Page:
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Business Poison by Jonathan MacDonald

I was lucky enough to receive a review copy of the latest book by my friend Jonathan MacDonald just before Christmas. He’s been speaking and consulting for years to the likes of Google, Apple, P&G, Unilever, Nestl√© and IKEA, and is also a genuinely nice guy.

But onto Business Poison, with the catchy subtitle ‘Diagnosing and treating the infectious poisons that determine your business success”.

BusinessPoison_JonathanMacDonald

It’s a reasonable length book at 84 pages, covering 24 topics. And it’s also a quick read, partly due to Jonathan’s informal but informative writing style. I went through it on the evening it arrived, and a couple of times since then, and much like A User Guide to the Creative Mind by Dave Birss I know it’s going to be a book I’ll be referring back to frequently.

And despite the concise nature, it manages to cover most of the problems I’ve encountered in my time working with businesses large and small, and running my own. Topics include ‘The Poison of Singular Personas’, ‘The Poison of Strategic Misrepresentation’ or ‘The Poison of Presumed Influence’.

Each is covered with a mix of Jonathan’s own experience, sources, quotes etc, and ways to potentially avoid or tackle each issue. I’d hate to think any business was capable of experiencing all of them at the same time (Although I can think of some that probably come close!), but over time the challenges and potential pitfalls you’ll encounter running or working for a business will probably mean you’ll end up with the full set eventually.

If I’m being hypercritical to compensate for knowing the author, I’d say that perhaps some more footnotes, case studies and further reading would be useful – various works are mentioned throughout so it would be handy to have them listed in one handy page for easier shopping.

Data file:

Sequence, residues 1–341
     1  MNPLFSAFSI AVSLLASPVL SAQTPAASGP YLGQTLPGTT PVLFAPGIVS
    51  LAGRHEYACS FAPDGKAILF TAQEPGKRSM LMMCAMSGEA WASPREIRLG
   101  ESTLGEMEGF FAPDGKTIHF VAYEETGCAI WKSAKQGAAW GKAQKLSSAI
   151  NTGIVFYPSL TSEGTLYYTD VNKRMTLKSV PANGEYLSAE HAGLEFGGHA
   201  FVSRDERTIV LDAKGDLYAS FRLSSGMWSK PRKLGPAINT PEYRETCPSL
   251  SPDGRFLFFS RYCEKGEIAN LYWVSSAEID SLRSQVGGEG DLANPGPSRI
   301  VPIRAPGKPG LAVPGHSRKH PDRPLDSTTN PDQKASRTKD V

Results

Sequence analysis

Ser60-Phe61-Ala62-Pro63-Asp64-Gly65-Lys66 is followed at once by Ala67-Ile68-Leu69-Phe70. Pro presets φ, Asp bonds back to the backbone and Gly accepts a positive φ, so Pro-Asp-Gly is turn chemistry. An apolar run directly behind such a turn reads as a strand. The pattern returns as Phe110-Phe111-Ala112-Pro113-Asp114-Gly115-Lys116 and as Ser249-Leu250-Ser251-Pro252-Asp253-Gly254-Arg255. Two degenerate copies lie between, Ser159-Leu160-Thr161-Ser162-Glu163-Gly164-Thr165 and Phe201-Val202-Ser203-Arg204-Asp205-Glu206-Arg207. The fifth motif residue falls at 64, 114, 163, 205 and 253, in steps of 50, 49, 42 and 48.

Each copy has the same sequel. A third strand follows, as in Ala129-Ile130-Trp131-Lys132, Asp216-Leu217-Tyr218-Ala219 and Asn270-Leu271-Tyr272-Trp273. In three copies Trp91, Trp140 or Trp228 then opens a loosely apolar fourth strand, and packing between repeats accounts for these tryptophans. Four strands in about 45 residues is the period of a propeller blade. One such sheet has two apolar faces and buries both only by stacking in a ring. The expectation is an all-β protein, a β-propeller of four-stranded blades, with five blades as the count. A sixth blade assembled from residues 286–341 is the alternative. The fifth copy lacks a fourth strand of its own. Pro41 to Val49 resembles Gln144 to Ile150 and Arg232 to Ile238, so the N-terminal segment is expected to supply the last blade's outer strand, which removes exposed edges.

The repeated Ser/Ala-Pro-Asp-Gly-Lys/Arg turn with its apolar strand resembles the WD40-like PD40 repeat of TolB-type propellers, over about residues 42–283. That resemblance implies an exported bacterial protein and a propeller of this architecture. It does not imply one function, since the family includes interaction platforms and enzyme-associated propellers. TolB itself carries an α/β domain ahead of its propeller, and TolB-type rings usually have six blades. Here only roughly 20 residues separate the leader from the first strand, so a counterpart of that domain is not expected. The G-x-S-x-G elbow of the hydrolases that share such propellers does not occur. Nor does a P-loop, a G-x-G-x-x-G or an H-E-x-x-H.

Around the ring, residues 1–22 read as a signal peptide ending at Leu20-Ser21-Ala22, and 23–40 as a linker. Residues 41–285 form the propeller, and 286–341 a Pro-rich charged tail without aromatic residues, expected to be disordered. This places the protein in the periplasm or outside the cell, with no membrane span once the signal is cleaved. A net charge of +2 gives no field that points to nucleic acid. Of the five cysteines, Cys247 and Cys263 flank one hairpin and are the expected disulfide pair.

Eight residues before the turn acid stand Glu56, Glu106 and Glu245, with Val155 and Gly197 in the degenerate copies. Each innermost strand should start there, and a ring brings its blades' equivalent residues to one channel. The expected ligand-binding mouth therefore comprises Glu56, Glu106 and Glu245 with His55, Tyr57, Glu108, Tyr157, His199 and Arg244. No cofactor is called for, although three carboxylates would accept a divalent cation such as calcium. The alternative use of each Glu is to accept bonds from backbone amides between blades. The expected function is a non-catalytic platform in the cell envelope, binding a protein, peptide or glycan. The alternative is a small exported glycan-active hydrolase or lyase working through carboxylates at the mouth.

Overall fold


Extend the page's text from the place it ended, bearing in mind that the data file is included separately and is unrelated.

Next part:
I haven’t asked Jonathan exactly who he was writing the book for, although I suspect it was a mixture of readers ranging across the various levels of a business.

But interestingly, I found myself repeatedly wishing I’d had Business Poison ten years ago. How many times I encountered one or more issues in meetings and on projects, but didn’t have the experience to properly explain what was going wrong? And how many times did I sit with older, more experienced managers etc, and back down or keep quiet because I felt like I was the only person in the room seeing, or at least acknowledging, there was going to be an issue?

There’s a lot of talk about the rise of the ‘intrapreneur’ within organisations – an entrepreneur that stays within the larger company and attempts to innovate, disrupt and chance on the inside. But it can be a lonely crusade, and having something like this book at home or in your desk will help anyone feel like they’re not alone.

Putting aside the fact I like and respect Jonathan, I’d say that Business Poison is definitely worth reading for business owners and senior managers, particularly those in medium-to-large companies. And I’d say it’s essential if you’re working for one of those businesses and want to be aware of the potential pitfalls and dangers, particularly if you’re hopefully contributing to new ideas and projects. You’ll get an ROI on the ¬£3 price of the Kindle version about 20 minutes into your next project or planning meeting!

Comments

  1. Thanks so much for the review Dan. I’m chuffed you like it, especially as you’re one of the people in business I’ve noticed has never shown a trace of Business Poison!

    • DanThornton says:

      No problem. I tried to be as impartial as possible in the circumstances, so it was lucky that it’s a genuinely good book! And I wouldn’t say I’m free of business poison, but I try to be aware of it, and the consequences, as much as possible. Running a business day-to-day means that it’s easy to miss larger problems creeping up on you, so it’s a good reason to keep a book like this handy and re-read it every so often to get an outside perspective.

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